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Agile Metrics

Metrics can be useful indicators of how things are going. They can help you identify areas to investigate / learn more. They can also be misused.

If you use a metric as an indicator, then you recognize that it is just part of the puzzle. It is not representative of the situation, just a hint. Nobody gets blamed if it is bad. Nobody gets rewarded if its good. It is something that you and the team can use to get a feel for things that are helping or hurting the team's progress. If you use a metric to evaluate people or teams, then several bad things can happen as people try to optimize it.

First, they can cheat. Most metrics can be manipulated in some way. For example, velocity. I can easily increase my velocity by increasing the size of my estimates. I haven't improved my productivity at all, but I've made it appear as if I have. At this point, not only is not valid for evaluation purposes, but we've also lost the ability to use it as an indicator.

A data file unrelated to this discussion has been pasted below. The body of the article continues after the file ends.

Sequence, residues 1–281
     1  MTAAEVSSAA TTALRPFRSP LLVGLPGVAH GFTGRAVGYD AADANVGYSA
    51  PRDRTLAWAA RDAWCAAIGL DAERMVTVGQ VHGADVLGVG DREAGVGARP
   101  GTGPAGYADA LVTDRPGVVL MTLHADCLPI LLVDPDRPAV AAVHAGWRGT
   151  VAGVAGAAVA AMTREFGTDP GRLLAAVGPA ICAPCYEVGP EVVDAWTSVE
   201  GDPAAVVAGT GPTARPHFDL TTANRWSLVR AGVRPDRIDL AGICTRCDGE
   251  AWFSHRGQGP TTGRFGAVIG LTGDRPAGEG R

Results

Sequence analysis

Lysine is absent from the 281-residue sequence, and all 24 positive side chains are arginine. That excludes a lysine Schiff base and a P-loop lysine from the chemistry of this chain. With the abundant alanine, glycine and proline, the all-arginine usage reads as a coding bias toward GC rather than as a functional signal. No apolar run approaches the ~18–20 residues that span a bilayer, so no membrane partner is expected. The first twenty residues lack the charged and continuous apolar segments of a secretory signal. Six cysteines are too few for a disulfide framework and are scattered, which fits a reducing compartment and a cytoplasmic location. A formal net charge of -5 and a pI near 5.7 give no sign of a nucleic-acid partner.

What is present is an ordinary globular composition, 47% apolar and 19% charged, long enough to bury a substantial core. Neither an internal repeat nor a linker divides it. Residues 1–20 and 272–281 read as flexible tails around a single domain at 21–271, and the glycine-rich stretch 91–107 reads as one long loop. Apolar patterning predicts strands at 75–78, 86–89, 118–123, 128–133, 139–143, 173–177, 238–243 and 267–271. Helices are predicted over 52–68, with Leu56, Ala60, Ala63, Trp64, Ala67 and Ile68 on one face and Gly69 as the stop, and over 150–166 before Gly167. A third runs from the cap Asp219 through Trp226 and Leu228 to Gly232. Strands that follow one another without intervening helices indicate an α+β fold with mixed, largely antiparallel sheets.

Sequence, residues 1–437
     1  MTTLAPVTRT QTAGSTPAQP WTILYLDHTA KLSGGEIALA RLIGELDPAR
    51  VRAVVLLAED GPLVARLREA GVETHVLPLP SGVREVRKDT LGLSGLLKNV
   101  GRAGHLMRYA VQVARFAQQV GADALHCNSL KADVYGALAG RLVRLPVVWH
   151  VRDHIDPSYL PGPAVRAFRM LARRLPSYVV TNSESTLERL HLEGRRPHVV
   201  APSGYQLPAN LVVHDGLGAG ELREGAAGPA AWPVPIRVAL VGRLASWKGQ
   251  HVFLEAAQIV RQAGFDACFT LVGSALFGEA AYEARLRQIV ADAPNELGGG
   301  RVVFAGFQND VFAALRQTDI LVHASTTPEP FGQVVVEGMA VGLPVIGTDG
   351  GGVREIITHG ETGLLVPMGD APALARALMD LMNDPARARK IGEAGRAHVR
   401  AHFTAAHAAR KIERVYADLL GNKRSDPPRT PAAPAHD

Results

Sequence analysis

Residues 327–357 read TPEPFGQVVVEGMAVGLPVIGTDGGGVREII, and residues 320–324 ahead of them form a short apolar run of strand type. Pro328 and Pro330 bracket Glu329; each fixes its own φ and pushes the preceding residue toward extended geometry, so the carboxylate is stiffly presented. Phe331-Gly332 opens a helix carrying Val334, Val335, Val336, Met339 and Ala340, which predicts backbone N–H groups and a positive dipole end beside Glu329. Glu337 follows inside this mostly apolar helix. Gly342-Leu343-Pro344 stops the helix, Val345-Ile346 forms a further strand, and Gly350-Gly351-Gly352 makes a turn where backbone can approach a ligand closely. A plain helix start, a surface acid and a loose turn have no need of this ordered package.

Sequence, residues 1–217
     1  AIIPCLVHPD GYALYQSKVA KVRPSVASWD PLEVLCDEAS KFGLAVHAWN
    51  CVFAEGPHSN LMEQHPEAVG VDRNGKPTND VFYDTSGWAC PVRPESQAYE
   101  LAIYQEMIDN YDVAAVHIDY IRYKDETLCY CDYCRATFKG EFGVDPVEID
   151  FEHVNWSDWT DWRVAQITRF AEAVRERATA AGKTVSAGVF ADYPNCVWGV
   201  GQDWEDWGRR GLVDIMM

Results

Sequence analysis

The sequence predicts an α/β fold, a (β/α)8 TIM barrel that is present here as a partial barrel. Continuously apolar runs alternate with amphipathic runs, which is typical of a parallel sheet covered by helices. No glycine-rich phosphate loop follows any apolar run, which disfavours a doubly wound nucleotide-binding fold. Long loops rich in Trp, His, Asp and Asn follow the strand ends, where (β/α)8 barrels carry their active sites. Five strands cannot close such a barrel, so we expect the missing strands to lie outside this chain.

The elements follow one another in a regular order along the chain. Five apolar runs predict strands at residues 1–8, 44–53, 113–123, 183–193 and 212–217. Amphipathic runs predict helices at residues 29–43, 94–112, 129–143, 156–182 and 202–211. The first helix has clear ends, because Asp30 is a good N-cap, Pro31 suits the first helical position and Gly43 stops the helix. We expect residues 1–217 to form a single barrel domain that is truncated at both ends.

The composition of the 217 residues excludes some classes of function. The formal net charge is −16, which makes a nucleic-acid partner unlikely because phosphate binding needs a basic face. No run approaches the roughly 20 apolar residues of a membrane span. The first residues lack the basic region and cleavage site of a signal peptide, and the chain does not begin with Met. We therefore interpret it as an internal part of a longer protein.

Second, they can improve the metric at the expense of other things which might be equally or more important. It is a fool's errand to try to capture everything in a few metrics. If I focus on revenue, then this can be increased at the cost of expense. If I focus on margin, then this can be increased at the cost of innovation / market leadership (since expense is easier short term to affect than revenue, I can increase margin by cutting expenses at the expense of the future). And so on.

Given the above disclaimer, what metrics are useful for agile teams? In my experience, these tend to evolve as the team evolves. Initially, it might be things like % of days that the build passed. Then it might evolve to the percentage of stories accepted in the iteration. Then the number of defects open. Then maybe code coverage. Each helps you to focus on areas that might be causing the team trouble. Velocity is a good indicator throughout if not used for evaluation.

A lean metric of interest is the story cycle time. How long does it take from the time a customer requests a story to the time that they can use it? A value stream map is a way to trace this and identify where the time is being spent. It will tell you a lot about the organization as a whole (not just the engineering organization).

The point is to identify areas in which you are having issues, to come up with indicators to help you see how you're doing at resolving them, and then to move on to the next areas. You might keep the past indicators to ensure that you don't regress. But overall, they're just indicators.

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